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Thread: My problems with religion

  1. #46
    running amok Sancho's Avatar
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    Ecurb, I don't think it makes us sub-human to to be tempted to murder. I think it makes us human. I get temped to murder somebody every time I drive I-5 during rush hour. Not seriously temped, but temped nonetheless, I'm usually happy just muttering "putz" under my breath when somebody cuts me off. Also I like to fantasize about me and some of my army buddies traveling back in time to 9/11 and boarding those planes with some box cutters of our own and carving up some terrorist hijackers. I also wouldn't mind choking baby Hitler in his crib.
    Some people call me Maurice
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  2. #47
    Maybe YesNo's Avatar
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    Quote Originally Posted by Sancho View Post
    Well that's a relief. But does a certain randomness at the quantum level actually provide for free will at our level, or does it just provide for an infinite number of situational possibilities given which we'd react to exactly the same every time.
    I don't think what is happening at the quantum level is "random" in the way we normally use that word, that is, it is not like flipping a coin. Quantum indeterminism doesn't provide for free will at our level, but it does mean that any attempt to find a deterministic explanation for everything (including us) based on quantum particles will fail. I think what provides for free will at our level is the kind of pleasure/pain, carrots/sticks, that one finds in our brains underlying sexual activity and these moral foundations. One doesn't give a deterministic machine a carrot or stick to make it do something. The very existence of this pleasure and pain implies we have the ability to choose.

    As far as murder goes, here is a YouTube video of crows killing another crow: https://www.youtube.com/watch?v=7liZdySa-IU&t=14s One of the reasons I hope Haidt nails down better what innateness means for these moral foundations is that we could use that to search for similar innate structures in other species and then make the conclusion that those species are moral as well.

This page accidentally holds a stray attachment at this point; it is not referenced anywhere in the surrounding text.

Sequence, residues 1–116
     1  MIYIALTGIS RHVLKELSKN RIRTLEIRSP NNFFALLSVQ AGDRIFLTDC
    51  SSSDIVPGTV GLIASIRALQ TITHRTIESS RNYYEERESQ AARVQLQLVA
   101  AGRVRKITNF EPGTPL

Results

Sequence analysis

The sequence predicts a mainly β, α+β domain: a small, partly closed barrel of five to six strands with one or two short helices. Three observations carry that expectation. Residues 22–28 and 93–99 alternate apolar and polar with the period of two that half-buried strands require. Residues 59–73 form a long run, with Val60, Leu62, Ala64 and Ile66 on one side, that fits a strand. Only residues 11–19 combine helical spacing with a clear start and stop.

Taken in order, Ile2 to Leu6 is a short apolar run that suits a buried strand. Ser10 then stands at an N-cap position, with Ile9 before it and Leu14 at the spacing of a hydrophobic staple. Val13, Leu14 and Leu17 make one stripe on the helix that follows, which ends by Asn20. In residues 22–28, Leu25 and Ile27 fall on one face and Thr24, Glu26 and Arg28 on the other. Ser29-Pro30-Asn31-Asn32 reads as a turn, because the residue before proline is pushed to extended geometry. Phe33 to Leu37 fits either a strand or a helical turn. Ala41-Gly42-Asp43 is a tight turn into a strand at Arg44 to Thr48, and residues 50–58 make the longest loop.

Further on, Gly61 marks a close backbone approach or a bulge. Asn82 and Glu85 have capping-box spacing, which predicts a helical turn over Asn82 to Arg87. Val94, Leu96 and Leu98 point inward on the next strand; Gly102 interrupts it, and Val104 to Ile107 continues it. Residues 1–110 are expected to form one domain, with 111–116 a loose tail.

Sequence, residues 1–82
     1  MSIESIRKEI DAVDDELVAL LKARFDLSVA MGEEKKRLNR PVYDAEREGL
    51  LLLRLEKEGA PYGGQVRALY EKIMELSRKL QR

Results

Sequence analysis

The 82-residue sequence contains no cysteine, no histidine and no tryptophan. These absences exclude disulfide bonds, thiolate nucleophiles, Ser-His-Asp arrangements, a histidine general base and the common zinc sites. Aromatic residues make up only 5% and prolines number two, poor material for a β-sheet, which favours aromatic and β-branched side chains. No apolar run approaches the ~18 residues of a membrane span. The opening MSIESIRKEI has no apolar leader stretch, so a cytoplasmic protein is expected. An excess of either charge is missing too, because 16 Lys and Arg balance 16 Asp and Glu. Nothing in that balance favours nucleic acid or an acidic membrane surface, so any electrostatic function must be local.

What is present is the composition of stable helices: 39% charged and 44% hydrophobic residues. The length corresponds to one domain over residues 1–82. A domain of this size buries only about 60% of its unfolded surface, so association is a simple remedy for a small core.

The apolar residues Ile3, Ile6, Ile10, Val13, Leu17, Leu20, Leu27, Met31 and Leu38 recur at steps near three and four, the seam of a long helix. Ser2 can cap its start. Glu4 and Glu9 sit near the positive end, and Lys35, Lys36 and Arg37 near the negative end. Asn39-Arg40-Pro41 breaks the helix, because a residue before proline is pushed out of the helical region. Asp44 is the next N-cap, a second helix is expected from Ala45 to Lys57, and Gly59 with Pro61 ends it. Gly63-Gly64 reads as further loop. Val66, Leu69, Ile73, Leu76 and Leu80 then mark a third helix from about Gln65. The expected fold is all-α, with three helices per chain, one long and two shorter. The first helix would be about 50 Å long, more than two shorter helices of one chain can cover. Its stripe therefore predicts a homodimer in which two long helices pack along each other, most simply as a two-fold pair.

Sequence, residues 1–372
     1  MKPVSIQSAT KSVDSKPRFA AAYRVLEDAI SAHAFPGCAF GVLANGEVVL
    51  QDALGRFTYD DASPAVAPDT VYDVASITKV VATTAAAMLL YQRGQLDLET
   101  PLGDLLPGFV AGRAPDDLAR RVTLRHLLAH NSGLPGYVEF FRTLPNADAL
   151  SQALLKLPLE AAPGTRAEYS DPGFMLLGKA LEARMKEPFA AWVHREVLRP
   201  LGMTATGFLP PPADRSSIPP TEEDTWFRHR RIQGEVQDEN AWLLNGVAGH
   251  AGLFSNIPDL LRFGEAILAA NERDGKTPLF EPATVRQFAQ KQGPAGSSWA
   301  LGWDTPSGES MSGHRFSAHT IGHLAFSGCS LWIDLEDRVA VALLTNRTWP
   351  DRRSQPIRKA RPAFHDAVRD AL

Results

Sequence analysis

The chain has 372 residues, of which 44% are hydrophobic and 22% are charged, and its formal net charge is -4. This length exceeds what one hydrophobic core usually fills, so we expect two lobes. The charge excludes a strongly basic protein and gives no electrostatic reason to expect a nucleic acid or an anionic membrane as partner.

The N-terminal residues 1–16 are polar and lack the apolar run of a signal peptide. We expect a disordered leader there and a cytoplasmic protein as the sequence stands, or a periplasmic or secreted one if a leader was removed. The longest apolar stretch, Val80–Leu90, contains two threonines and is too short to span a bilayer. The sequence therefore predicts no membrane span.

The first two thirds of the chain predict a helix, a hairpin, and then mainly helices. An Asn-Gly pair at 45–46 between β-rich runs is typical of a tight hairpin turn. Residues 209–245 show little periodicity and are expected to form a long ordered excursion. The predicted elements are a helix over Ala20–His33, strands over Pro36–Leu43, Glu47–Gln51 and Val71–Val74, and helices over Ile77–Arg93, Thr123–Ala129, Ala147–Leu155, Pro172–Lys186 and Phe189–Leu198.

Le cœur a ses raisons, que la raison ne connaît point. --Pascal

  3. #48
    running amok Sancho's Avatar
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    In any given situation where everything is the same - everything - aren't we going to act the same every time? But change the slightest detail and the gig's up. So then naturally we can't have the same situation twice, eh? Therefore the only way to consider any single situation is to look at history. And when I look at any situation I've ever been faced with, I acted the same whether I look at it today or whether I consider it tomorrow. You can't change history. Would it follow then that how I'm going to deal with a situation tomorrow, has already been determined? Is this a fallacy? I'm fully prepared to admit that it is. In fact I hope that it's false. But by the same token if there is any randomness whatsoever in the universe, the future most definitely has not been determined.

    At any rate, the universe is a pretty big place, with a practically infinite number of possibilities, even without randomness, so it probably doesn't matter, to me anyway. The fact that I think I'm acting of my own free will is good enough for me.
    Some people call me Maurice
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  4. #49
    Maybe YesNo's Avatar
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    Quote Originally Posted by Sancho View Post
    In any given situation where everything is the same - everything - aren't we going to act the same every time? But change the slightest detail and the gig's up. So then naturally we can't have the same situation twice, eh? Therefore the only way to consider any single situation is to look at history. And when I look at any situation I've ever been faced with, I acted the same whether I look at it today or whether I consider it tomorrow. You can't change history. Would it follow then that how I'm going to deal with a situation tomorrow, has already been determined? Is this a fallacy? I'm fully prepared to admit that it is. In fact I hope that it's false. But by the same token if there is any randomness whatsoever in the universe, the future most definitely has not been determined.
    Richard Feynman wrote in "QED" on page 19 the following which is similar to what you are describing but about photons reflecting or not off of a pane of glass: